Large-scale overlay: a study into accuracies in roll-to-plate nanoimprint lithography

More Info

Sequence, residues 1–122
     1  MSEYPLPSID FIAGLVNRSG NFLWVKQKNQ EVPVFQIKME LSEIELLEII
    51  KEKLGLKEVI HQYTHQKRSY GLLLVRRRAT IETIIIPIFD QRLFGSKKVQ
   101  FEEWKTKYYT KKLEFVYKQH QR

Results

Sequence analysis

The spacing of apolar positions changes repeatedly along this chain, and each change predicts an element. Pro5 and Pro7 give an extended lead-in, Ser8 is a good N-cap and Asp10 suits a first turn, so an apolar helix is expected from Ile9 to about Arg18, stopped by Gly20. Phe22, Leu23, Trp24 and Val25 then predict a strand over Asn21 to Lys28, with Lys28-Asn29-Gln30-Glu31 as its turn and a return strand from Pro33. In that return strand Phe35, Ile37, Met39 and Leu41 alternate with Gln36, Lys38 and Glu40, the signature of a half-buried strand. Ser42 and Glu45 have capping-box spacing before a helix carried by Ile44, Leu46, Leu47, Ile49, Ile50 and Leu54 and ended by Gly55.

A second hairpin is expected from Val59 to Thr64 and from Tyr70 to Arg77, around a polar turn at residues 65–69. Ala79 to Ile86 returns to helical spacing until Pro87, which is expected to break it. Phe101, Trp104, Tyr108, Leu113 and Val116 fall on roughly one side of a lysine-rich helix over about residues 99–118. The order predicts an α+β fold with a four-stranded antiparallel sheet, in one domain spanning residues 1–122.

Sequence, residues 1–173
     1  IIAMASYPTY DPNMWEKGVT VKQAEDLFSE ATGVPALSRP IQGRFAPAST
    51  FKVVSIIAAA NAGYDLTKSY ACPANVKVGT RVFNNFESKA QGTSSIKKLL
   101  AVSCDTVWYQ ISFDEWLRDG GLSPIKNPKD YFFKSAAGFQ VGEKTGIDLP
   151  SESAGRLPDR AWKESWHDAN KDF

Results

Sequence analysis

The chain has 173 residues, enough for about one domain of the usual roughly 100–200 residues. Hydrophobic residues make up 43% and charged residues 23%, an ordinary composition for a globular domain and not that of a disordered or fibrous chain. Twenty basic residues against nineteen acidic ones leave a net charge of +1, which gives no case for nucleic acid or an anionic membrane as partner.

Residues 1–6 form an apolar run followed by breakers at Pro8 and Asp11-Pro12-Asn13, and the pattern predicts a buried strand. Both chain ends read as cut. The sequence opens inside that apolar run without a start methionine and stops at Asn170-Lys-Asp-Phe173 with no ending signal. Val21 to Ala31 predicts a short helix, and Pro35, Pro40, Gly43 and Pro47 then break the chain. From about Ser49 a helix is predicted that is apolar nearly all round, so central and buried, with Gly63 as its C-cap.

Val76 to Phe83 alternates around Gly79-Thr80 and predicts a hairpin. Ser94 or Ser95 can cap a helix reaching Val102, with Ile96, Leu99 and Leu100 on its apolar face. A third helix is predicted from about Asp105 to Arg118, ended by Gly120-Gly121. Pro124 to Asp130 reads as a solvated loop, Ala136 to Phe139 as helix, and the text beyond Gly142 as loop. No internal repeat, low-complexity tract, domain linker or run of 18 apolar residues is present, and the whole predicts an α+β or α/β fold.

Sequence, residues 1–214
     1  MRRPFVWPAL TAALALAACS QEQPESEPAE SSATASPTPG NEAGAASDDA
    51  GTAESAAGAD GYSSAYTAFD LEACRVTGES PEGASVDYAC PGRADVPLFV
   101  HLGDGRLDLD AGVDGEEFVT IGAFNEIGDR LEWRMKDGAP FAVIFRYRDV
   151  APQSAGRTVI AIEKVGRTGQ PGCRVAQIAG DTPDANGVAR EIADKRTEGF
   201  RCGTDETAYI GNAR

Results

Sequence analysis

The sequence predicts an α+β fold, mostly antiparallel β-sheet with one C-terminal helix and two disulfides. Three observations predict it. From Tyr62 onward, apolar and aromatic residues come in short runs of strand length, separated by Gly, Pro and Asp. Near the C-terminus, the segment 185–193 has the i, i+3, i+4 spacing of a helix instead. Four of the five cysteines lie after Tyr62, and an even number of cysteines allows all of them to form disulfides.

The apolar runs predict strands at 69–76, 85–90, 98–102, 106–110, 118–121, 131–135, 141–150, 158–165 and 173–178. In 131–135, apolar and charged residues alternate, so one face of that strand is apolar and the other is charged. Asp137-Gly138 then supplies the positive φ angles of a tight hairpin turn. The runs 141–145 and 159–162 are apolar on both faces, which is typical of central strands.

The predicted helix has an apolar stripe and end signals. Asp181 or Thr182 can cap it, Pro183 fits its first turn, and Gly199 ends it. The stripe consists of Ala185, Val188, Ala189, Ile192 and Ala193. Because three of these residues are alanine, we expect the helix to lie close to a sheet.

Roll-to-Plate (R2P) nanoimprint lithography (NIL) is a fabrication process with the potential for low-cost high-volume fabrication of micro- and nano-patterns on large areas. As a result, R2P is regarded as a promising production process for micro- and nano-scale features which exceed the conventional wafer sizes. In addition, the process has the potential to scale up the production of wafer based textures at a low costs, which would make the implementation of nano-features in products more accessible. To compete with alternative fabrication techniques, R2P NIL must meet requirements set by the industry for position accuracy and system repeatability. In this thesis, a study is performed on the positioning of micron- and nano-sized features in a two-dimensional plane in collaboration with Morphotonics, a company based in Veldhoven the Netherlands. The metrology of overlay from the semi-conductor industry is applied to NIL, to quantify the relative displacement and deformations of a given nano-pattern. Experimental results, obtained in a preliminary phase of the project, characterized the current overlay performance of machines available at Morphotonics. From the test results, a positioning error of the complete nano-pattern was found, in combination with a complex deformation which affected the relative distance of the imprinted features. Based on the characterization of overlay in R2P NIL, an interest in deformations of the flexible mould is developed. Concepts from roll-to-roll (R2R) production processes are used, to quantify the deformations observed in experiments. In R2R processes, deformation of a thin elastic material (web) is quantified by applying a beam model to the web. Using the beam model, the deformation of a web segment, constrained by two rollers, could be quantified in both quasi-static and dynamic conditions. The models based on literature of lateral web dynamics, combined with experimental results obtained at Morphotonics, have given insight in the behaviour of the elastic mould during the imprint process. The models describe the transverse motion of the web on a roller surface and the deformation of the web in between two consecutive rollers in a dynamic system. Verification of the model was performed on the machines of Morphotonics. The transverse motion of the elastic mould over the rollers was clearly observed in the measurement, including a repeatable deformation pattern of the imprints as a result of a forced disturbance exposed to the system. Both of which, were expected to be observed based on the modelled expectations. Nevertheless, the exact error magnitude did not meet the expectations and only a rough relation between model and experimental results was found. In spite of the verification results not perfectly matching the model, the theory applied in this thesis has given insight in the behaviour of elastic materials in roller based transport. From the observations and gathered knowledge of this thesis, the performance of overlay in large scale roll-to-plate nanoimprint lithography has been characterized and considerations for future imprint modules have been made.